Do you Need a Storm Door for your Home?

January 05, 2010

If your exterior door is still looking nice and in good condition, adding a storm exterior door can bring it one step closer to the ultimate in energy efficiency as well. But there are actually a few circumstances in which buying a storm exterior door is not the best bet for energy efficiency and cost savings.

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If the exterior door gets more than just a few hours of direct sunlight each day - not meaning that it's in a sunny location, but the sun is really beating directly on it, a storm exterior door may not be a good idea. If the sun is shining directly on the glass of a storm door, it can trap too much heat between the storm door and the primary exterior door, which can actually damage the exterior door itself.

Choosing a storm door that's not appropriate for the location is another bad call. But choosing an exterior storm door that's appropriate for your environmental conditions is going to add value to the purchase. Frames are normally made of aluminum, steel, fiberglass or wood. The metal frames may be preferable in particularly harsh climates, as they can have a foam insulation within the frame that increases the efficiency.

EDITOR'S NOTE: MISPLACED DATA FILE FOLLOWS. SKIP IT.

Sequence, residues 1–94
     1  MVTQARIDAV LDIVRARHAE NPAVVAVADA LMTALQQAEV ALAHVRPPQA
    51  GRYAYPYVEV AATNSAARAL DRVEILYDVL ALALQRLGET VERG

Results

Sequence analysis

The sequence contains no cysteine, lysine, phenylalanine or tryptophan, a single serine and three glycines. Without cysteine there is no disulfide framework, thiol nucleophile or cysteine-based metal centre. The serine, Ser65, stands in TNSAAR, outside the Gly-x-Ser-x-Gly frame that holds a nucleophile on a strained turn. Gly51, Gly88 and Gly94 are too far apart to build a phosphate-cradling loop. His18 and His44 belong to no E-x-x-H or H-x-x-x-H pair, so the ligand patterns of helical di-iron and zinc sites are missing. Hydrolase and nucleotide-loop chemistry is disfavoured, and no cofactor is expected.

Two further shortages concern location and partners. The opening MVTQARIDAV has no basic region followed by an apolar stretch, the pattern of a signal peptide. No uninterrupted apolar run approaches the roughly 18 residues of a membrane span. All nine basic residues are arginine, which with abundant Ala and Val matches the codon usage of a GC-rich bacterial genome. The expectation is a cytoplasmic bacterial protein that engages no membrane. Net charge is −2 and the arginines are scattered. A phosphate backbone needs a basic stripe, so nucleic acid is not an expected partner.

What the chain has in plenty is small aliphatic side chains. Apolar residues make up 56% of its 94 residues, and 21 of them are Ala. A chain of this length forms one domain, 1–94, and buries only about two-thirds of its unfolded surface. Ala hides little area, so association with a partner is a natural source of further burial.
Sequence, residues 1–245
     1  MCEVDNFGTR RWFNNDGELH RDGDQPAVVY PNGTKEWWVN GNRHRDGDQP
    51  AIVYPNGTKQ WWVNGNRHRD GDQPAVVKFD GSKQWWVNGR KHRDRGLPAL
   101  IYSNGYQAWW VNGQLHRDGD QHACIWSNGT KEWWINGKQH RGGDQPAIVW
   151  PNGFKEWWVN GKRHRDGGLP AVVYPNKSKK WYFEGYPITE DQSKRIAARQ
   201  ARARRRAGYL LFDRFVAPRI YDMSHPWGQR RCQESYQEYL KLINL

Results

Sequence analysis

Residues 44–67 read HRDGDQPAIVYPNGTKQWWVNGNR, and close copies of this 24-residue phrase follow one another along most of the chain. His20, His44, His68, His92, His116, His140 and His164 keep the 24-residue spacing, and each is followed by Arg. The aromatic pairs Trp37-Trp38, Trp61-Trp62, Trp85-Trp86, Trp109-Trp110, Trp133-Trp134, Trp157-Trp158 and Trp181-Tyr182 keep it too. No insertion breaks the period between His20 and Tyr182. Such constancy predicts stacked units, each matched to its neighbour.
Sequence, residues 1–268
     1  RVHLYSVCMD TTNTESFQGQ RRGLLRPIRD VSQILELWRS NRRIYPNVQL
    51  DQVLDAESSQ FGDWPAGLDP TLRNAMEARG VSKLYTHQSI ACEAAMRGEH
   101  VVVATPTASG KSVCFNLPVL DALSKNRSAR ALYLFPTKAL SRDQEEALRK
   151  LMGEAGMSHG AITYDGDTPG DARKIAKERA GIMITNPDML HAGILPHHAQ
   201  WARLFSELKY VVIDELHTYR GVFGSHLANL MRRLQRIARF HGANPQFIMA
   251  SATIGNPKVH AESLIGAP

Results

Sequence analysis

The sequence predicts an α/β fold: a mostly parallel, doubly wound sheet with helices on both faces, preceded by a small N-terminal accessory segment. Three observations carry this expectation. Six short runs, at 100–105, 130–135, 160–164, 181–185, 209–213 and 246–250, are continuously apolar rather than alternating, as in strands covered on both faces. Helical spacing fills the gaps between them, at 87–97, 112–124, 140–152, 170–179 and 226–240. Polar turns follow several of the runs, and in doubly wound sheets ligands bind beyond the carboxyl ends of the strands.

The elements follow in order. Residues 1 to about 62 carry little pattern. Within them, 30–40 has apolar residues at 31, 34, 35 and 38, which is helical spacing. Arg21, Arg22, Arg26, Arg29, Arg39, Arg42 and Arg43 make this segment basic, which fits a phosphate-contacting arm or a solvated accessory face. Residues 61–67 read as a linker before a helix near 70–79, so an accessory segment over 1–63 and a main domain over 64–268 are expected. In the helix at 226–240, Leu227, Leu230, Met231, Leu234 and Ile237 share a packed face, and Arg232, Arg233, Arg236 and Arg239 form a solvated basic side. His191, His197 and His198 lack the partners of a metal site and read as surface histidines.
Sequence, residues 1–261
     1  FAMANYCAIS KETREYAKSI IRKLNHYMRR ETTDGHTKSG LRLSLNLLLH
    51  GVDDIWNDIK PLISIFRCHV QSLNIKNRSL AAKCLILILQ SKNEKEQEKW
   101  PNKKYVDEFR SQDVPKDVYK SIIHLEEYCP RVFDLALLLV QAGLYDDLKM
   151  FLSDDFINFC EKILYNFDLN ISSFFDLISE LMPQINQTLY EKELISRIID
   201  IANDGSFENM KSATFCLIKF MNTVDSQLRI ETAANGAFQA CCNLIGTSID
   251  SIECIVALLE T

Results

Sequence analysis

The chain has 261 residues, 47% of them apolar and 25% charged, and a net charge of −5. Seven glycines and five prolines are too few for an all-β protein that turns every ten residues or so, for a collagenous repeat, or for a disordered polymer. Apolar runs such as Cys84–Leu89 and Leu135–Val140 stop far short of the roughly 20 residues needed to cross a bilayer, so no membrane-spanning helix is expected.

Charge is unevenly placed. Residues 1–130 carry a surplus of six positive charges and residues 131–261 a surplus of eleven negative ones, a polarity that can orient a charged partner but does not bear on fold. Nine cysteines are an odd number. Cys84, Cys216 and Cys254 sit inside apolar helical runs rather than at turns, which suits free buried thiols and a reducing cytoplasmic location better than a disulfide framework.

Aluminum storm doors tend to be more affordable and are the best bet for coastal and humid locations, as the aluminum is naturally rust and corrosion resistant. The trade off being that aluminum doesn't offer the variety of finish options that wood, steel and fiberglass would.

Storm exterior doors are one of the most time honored, traditional methods of saving energy in the home. They are a classic, inexpensive, easy to install method that's going to benefit most homeowners. Make sure it's the right choice for your home.


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